I Played Every Day Of Campus Game, And This Is What Happened

Even though I'm currently a junior, this year's Campus-Wide Games was my first chance to actually play in the week-long series of competitions. For both years prior, I was a referee with the Student Activities Board. Reffing was a great experience, but when I got the chance to play as part of a team this year, I was so excited to participate that I immediately went to Walmart for supplies in my team's color (orange). 

Each team member could earn points by showing up and wearing orange (plus the assigned team bandana), so my Walmart haul consisted of orange lipstick, nail polish and duct tape to add orange to my outfit each day of the week. Because I'm extra, I added lipstick stripes under my eyes to finish the look and scare the competition.

Each team had the name of a video game (mine was Metroid). I took off work to make it to each game, so I got to experience each day fully.

Day 1: Monday (Scavenger Hunt)

The first night involved solving clues as a team to find "Pokemon" (referees) hidden around campus. We came in fifth place out of six, but our team spirit was still high. That was partially because we had fun in the game, and partially because our captain had written "Metroid" in orange nail polish and sharpie across his face, and it's hard to have low morale when that happens.

Day 2: Tuesday (Video Game Tournament)

As members of our team filed in and remarked how they'd grown up without video games, we realized we had a slight issue with being a competitive presence in Tuesday's game (note for next time: join a team, and have video-game-playing friends join with you). Needless to say, we didn't fare very well that night. Nevertheless, I got to play Mario Cart for the first time in my life after the tournament was over, so it was a winning night for me (yeah, I was one of those people who grew up without video games).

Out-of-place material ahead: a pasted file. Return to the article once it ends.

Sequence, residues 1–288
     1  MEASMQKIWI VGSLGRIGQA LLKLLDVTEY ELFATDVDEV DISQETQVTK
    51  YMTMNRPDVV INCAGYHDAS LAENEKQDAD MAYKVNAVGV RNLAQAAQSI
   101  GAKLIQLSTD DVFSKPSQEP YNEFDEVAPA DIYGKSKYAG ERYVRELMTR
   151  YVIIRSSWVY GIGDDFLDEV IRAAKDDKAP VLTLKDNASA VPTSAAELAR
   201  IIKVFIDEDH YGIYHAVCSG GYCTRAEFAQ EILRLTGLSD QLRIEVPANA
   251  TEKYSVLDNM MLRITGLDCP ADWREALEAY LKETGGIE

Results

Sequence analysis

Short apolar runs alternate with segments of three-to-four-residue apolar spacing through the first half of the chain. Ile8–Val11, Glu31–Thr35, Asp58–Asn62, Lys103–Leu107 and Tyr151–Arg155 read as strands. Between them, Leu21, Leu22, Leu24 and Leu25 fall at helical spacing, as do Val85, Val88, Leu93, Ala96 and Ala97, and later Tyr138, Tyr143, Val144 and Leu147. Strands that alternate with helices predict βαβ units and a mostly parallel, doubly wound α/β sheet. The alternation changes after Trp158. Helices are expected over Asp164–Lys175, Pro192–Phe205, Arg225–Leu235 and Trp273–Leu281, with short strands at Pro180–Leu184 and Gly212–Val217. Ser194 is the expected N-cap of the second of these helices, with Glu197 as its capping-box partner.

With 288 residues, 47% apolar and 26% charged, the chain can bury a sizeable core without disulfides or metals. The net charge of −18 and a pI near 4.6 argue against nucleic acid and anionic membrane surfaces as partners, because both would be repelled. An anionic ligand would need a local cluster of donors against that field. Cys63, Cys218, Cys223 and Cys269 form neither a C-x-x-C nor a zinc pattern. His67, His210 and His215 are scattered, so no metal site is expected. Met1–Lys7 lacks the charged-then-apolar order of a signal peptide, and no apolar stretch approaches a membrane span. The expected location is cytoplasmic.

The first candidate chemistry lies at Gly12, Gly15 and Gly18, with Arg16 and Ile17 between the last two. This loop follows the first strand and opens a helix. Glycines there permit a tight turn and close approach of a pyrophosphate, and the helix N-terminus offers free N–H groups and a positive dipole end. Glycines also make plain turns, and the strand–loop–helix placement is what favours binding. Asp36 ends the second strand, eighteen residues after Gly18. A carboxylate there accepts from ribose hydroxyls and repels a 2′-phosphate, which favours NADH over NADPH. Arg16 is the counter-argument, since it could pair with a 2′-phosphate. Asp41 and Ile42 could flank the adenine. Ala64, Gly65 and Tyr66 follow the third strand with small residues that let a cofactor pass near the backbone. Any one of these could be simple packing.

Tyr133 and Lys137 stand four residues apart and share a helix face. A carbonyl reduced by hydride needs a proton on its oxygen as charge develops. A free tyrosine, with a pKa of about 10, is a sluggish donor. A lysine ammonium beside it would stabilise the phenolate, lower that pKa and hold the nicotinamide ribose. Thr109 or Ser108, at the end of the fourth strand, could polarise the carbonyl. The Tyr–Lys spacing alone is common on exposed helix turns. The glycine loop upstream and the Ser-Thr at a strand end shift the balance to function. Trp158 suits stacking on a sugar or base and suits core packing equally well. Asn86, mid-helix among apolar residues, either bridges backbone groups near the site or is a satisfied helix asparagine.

Day 3: Wednesday (Trading Game)

This was the most strategy-based game of the week. It's too complicated to explain fully in this article, but essentially, teams have to trade resources to build settlements that count for the most points at the end of the game. We thought we did very well that night, until the scores were read from lowest to highest...and Metroid was read out first. Even though we lost that game, it was a great team building exercise, and one of our teammates showed up wearing a costume made out of aluminum foil, a cardboard box, and pie tins to look like the main character from Metroid.

Day 4: Thursday (Skyrim House War)

This game involved wearing cardboard armor and hitting people with pool noodles dipped in paint. It was a great concept, but when our entire team had work or class at that time on Thursday except for the two captains and myself, we quickly realized that we would be out pretty quickly. We gave it our best effort, and despite being completely outnumbered on the field, we managed to come in fifth out of six places. 

Day 5: Friday (Hyrule Quest of Champions)

The last day of the games involved trivia questions that we had to guess right or complete physical challenges (push-ups, lunges, etc.). After the trivia, there was an obstacle course, an archery challenge, riddles, and a chance to throw water balloons at the Student Activities Board's president. Again, we finished in fifth out of sixth place, but an impromptu water balloon fight at the end made up for our placing. 

Day 6: Saturday (The Closing Ceremony)

After sleeping for 10 hours Friday night (seriously, participating in the games is worth it, but also exhausting), I went to the Ordinary for free pizza and a mini celebration of the winning team (I even got an award for "most dedicated Metroid-er" because I took off work to compete). Overall, even though our team was last in the game, we had a great time, forged new friendships, and strengthened the friendships we already had, and I'll definitely be competing again next year.